3 As an emerging economy, Electricity demand is expected to keep growing significantly in the forthcoming period, 2010 2030. The Power Development Plan No. 7 forecasted that Electricity demand would Increase from 100. billion kWh in 2010 to 695 billion kWh by 2030, at an average annual growth rate of 10% per year (PM, 2011b). Vietnam is expected to become a net energy importer by around 2015. Such rapid development raises a number of questions for the Government of Vietnam, including (i) how to secure funds to finance such an aggressive power source development, and then (ii) how to manage the power sector effectively and efficiently. Currently, the power sector of Vietnam is dominated by the Electricity of Vietnam (EVN), a government-owned utility. EVN has a majority in generation capacity (around 65% in 2010), and a monopoly role in transmission and sales of Electricity . Electricity retail Tariff in Vietnam is governed by the Government, and the Government of Vietnam maintains uniform national Electricity Tariff across the country which is highly subsidized.

4 The weighted average retail Electricity Tariff in Vietnam in 2011 was only US /kWh while the Long Run Marginal Cost (LRMC) was US /kWh. The subsidy amount in 2010 was estimated at billion USD, equivalent to of GDP in the same year (IEA, 2011). EVN's revenue in 2010 was around USD billion while the required investment capital is estimated at between USD 6-7 billion per year over 2011-2030. 254. To address these challenges the Government of Vietnam plans to restructure the power sector. The roadmap which has been approved by the Prime Minister specifies that the power market in Vietnam will be established through three sequential developments: competitive generation power market, competitive wholesale power market and competitive retail power market. Phase I starts in 2009, phase II in 2017 and phase III in 2024 (PM, 2006). To do this, however, the Electricity retail Tariff to users, and subsequently the purchasing price for power from power producers, must first be increased.

5 This is because the weighted average retail Electricity Tariff in Vietnam was generally lower than that of most countries (for example, the Electricity price in Thailand in 2011 was US /kWh) (ADB, 2012b) and, therefore, not attractive for local and foreign enterprises to invest in new generating capacity in Vietnam. This situation is also unfavorable for Vietnam with regard to the promoted plan of regional power interconnection grid (for example, the Electricity imported from China is currently paid at a higher level than the purchasing price to power producers). This problem has been recognized by the Government of Vietnam. As a response, the Government of Vietnam plans to Increase the Electricity Tariff to reflect the production cost to improve energy supply security and to improve energy productivity (PM, 2009 and PM, 2011a). This action will definitely have Impacts on other sectors, on macroeconomic indicators and social welfare. In this Study , we examine two broad questions: First, what would be the Impacts of rising Electricity Tariff on prices of other sectors of the economy?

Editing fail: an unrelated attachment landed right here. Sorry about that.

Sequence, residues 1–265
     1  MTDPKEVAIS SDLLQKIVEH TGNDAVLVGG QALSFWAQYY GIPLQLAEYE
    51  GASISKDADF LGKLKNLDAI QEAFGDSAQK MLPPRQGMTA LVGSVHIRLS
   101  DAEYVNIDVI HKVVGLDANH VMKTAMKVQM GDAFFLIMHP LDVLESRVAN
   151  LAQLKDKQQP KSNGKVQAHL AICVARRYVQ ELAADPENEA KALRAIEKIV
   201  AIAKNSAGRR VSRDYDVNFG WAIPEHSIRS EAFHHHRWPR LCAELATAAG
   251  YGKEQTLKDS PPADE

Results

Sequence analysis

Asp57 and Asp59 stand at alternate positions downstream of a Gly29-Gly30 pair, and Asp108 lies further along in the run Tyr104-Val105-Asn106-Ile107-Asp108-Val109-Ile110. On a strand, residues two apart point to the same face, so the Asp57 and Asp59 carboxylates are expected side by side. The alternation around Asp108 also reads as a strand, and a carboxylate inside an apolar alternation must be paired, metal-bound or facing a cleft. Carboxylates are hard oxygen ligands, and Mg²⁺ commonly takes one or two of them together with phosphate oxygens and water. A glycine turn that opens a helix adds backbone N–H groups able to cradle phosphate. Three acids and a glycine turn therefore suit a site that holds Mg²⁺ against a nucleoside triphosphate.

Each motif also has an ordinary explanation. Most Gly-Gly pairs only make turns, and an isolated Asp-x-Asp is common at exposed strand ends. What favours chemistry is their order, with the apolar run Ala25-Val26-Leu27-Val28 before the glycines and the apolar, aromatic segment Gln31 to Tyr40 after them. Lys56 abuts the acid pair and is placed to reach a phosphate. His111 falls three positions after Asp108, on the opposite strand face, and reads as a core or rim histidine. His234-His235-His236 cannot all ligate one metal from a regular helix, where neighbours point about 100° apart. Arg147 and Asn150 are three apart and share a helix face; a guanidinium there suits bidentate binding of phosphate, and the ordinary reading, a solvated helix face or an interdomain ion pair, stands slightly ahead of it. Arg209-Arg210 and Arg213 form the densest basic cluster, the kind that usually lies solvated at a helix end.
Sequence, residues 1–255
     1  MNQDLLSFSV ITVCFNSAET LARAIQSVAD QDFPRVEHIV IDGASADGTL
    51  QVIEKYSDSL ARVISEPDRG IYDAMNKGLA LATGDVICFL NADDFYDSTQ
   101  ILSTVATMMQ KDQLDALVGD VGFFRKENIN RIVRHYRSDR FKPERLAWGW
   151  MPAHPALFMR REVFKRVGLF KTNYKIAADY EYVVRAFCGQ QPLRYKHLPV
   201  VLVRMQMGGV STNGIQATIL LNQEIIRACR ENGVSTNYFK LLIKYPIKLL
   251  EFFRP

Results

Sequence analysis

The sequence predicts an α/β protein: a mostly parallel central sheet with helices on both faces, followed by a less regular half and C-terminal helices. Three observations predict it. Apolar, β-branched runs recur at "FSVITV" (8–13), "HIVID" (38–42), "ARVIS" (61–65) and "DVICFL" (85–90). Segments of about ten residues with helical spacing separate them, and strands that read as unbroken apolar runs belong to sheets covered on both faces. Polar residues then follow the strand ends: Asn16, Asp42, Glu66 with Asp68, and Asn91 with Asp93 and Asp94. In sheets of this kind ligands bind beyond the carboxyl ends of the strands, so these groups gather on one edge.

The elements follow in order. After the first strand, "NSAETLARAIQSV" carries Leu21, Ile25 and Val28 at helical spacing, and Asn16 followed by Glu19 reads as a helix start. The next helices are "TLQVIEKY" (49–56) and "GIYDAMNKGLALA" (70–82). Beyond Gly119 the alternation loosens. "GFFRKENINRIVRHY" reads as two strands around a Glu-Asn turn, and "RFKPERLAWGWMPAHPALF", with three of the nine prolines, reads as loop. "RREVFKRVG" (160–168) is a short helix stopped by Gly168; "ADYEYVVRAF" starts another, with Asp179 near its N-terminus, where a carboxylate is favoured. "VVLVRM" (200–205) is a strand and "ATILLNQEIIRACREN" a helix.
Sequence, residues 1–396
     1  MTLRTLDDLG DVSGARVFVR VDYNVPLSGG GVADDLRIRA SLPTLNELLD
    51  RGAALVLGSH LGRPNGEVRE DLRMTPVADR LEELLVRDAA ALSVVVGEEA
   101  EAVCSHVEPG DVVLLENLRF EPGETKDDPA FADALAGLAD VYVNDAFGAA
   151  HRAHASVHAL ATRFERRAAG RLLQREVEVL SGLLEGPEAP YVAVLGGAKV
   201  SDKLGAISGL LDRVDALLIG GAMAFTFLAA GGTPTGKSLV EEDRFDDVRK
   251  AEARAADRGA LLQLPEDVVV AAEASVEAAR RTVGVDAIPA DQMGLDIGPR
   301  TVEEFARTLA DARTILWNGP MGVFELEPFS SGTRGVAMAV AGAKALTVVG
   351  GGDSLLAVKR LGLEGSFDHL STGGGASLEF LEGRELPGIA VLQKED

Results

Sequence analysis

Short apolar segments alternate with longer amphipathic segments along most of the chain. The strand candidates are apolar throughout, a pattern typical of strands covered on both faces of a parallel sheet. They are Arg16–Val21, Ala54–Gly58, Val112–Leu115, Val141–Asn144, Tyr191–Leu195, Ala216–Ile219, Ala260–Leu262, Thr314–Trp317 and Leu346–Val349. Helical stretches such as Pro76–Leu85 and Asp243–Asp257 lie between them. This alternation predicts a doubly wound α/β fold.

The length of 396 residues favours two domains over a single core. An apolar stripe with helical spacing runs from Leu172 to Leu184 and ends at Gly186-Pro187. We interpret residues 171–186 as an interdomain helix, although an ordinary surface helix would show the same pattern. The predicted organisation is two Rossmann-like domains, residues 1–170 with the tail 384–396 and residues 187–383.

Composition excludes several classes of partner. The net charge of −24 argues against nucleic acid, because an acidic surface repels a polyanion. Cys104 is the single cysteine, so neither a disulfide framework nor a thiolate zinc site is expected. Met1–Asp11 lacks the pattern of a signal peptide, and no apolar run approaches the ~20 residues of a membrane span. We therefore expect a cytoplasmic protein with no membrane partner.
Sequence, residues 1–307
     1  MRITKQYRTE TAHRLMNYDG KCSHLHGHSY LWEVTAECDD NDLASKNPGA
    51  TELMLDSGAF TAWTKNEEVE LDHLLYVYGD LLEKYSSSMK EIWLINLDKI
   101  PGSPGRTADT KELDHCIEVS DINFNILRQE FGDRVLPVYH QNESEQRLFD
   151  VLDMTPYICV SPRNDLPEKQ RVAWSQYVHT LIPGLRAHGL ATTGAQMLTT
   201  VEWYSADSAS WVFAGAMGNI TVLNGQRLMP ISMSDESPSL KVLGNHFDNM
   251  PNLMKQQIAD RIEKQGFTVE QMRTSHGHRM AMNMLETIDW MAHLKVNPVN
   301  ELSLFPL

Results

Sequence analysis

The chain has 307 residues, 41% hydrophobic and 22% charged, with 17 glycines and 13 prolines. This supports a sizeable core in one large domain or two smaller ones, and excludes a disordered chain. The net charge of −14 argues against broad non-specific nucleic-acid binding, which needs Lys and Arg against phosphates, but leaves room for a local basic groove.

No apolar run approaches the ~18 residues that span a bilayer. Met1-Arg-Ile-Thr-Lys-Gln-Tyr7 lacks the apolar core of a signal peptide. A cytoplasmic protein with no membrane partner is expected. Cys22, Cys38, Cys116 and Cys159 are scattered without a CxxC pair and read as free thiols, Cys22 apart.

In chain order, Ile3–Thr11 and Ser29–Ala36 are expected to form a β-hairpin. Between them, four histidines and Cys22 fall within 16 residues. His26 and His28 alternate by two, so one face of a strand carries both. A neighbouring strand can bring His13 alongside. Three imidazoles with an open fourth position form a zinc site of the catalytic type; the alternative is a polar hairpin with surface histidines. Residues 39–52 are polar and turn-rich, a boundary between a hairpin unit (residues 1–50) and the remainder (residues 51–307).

6 In connection with this question, Electricity intensity of various sectors will be first explored. Second, what are the likely distributional Impacts induced by this price rise? To answer the above questions this paper presents the methodology used to examine the Impacts of Electricity price Increase on other sectors in Section 2. Section 3 discusses the results and Section 4 considers some policy recommendations. 255. 2. Methodology and Data Preparation Because Electricity is used as inputs to produce most of the goods and services, a higher Electricity price can affect the prices of other sectors of an economy both directly and indirectly. The I O model describes the interdependence of all sectors in the production and consumption of products. It shows the input requirement for a sector and at the same time specifies how that sector distributes its production output to other sectors. In this regard, the I O model is able to analyze the relationships among sectors, evaluate the Impacts from one sector to other sectors, and can thus be used to quantify the effects from the Electricity sector.